Learn to build a visual portfolio of ads for maximizing your advertising results.
Don’t under estimate the value of images. The success of your ads are 80 to 90% dependent on the visual appeal of your ads.
You’ll discover how to set your image size to look good on all devices, since Facebook users could be seeing your ads on a desktop computer, tablet of smartphone.
As important as your headline happens to be, the graphic you choose can be even more important. If you don’t have an image to go with your Facebook ad, you can still see results. Images, however, increase your chances of capturing viewer attention. If the picture is perfect (or close to it), the image just might help you gain clicks and conversions.
So, how can you be sure you select an image that really captures attention and gets people to pay attention and even click on your ad?
Follow these fairly simple rules for selecting an image that can get you noticed –
Use professional images of your products
If you are selling a product, get a professional image made that casts it in a positive light. If you can’t afford a true photographer, take a picture yourself using a digital camera.
Select a relevant ‘mug shot’
If your ad relates to a person or something that could be readily identified with a portrait, make sure the shot is relevant, clear and uncluttered. Pictures of people go over very well on Facebook because of the site’s overall social focus.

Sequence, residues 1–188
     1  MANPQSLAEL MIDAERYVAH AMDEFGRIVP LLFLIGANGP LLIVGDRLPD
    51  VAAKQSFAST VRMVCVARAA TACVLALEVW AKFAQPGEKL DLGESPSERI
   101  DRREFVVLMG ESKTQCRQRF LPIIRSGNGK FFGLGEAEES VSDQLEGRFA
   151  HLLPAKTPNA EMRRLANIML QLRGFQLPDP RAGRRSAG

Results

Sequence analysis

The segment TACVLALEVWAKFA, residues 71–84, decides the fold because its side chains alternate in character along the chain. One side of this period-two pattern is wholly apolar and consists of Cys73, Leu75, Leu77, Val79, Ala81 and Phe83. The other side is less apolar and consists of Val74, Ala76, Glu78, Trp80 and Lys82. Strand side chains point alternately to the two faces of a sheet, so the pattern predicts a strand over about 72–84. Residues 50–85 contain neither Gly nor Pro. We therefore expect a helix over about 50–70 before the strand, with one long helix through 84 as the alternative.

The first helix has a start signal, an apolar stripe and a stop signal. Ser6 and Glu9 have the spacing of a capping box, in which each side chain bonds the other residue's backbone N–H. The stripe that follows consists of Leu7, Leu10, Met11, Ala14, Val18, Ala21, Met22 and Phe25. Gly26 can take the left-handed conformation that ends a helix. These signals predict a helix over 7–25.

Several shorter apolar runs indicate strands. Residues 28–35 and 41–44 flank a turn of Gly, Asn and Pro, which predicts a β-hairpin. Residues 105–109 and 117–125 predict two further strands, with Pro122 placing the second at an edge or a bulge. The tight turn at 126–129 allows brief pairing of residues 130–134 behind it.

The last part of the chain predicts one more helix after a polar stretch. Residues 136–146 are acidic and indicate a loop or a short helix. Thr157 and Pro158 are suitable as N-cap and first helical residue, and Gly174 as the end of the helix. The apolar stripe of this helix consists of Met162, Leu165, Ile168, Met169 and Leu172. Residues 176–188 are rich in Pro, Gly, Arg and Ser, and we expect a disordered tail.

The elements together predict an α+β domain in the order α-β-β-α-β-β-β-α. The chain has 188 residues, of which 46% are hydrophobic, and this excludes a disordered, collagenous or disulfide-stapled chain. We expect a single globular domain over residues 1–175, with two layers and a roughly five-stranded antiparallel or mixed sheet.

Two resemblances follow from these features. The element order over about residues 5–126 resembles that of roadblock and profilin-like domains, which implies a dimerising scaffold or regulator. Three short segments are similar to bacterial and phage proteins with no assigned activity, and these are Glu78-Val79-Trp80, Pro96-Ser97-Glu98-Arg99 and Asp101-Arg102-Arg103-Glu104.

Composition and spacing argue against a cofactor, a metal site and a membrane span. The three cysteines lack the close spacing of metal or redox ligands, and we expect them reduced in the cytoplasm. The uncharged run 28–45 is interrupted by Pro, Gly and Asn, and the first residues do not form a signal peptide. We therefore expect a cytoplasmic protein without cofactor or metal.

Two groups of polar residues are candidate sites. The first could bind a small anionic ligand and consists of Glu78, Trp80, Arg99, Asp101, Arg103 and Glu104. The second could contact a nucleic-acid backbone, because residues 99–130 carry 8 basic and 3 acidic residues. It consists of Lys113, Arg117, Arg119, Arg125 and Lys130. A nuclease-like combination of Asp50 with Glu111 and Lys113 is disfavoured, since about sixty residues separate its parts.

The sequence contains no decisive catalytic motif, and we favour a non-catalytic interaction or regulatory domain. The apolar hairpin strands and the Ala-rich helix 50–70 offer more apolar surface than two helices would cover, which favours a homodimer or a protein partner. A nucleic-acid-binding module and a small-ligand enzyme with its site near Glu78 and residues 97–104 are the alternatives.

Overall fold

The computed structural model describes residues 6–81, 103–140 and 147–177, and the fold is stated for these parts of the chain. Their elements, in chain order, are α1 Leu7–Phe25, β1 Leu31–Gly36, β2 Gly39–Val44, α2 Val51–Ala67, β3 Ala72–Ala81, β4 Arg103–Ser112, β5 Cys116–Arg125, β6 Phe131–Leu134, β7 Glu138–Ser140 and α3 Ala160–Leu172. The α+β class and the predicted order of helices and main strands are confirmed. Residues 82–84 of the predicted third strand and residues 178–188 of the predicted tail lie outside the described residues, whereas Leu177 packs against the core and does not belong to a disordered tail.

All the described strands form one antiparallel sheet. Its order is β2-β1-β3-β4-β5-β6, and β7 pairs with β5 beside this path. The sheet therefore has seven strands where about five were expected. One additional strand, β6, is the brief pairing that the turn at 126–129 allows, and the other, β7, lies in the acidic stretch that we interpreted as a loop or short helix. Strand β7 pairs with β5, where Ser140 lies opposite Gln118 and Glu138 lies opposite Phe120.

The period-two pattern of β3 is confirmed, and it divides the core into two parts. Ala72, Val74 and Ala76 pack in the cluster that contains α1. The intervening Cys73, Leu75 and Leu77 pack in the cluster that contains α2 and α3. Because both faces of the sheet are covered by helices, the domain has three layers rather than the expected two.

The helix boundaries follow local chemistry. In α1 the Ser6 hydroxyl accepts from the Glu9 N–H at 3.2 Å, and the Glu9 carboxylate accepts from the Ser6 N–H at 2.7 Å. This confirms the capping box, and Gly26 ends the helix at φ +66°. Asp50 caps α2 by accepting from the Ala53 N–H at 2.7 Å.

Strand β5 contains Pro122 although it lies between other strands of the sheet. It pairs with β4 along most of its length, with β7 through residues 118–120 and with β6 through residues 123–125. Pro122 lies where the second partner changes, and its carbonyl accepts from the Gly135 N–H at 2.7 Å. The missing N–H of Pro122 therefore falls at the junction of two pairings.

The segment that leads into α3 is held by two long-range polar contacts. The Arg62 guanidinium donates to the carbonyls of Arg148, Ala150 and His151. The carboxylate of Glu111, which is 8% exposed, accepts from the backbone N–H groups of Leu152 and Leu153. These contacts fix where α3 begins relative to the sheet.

Go with clear pictures
Facebook doesn’t allot a ton of space for advertising images, so do be sure your image is crystal clear.
Opt for plenty of color
The more colorful your ad image happens to be, the more likely it is to draw viewer’s eyes. This can help you gain interest and conversions.
Keep it free of clutter
Let’s say you’re selling a child’s toy. Using a photo of a single child playing with a toy is a good idea. Opting for a tiny photo with ten kids all playing with toys will make the image hard to focus on and it can cause your message to lose its meaning.
Remember the image is a sales tool!
Select pictures that really send your message home. If you’re promoting a political candidate, a head shot with a flag in the background might go over very well. A picture of that candidate five minutes after waking in the morning might not. Use your images to sell and select them with this in mind.
Keep Facebook rules in mind
Just like landing pages and ad copy, images have to meet Facebook’s requirements. Be sure they do by ensuring they are relevant to the ad in question and are not offensive or racy.
Go for clarity
Ideally, the photo you choose will be very crisp and clear. Reject any images that are blurry or too cluttered.